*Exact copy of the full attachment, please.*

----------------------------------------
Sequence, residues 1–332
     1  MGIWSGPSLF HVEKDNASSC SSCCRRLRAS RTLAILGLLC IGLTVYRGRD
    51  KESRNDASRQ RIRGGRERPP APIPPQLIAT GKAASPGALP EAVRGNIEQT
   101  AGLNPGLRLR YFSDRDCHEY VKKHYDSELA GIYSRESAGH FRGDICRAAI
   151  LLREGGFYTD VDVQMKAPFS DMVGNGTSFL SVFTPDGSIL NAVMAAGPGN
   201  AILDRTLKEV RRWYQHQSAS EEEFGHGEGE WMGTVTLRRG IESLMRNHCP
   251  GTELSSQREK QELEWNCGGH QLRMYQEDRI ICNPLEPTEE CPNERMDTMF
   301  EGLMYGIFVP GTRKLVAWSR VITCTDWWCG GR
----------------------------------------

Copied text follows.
Sequence, residues 1–332
     1  MGIWSGPSLF HVEKDNASSC SSCCRRLRAS RTLAILGLLC IGLTVYRGRD
    51  KESRNDASRQ RIRGGRERPP APIPPQLIAT GKAASPGALP EAVRGNIEQT
   101  AGLNPGLRLR YFSDRDCHEY VKKHYDSELA GIYSRESAGH FRGDICRAAI
   151  LLREGGFYTD VDVQMKAPFS DMVGNGTSFL SVFTPDGSIL NAVMAAGPGN
   201  AILDRTLKEV RRWYQHQSAS EEEFGHGEGE WMGTVTLRRG IESLMRNHCP
   251  GTELSSQREK QELEWNCGGH QLRMYQEDRI ICNPLEPTEE CPNERMDTMF
   301  EGLMYGIFVP GTRKLVAWSR VITCTDWWCG GR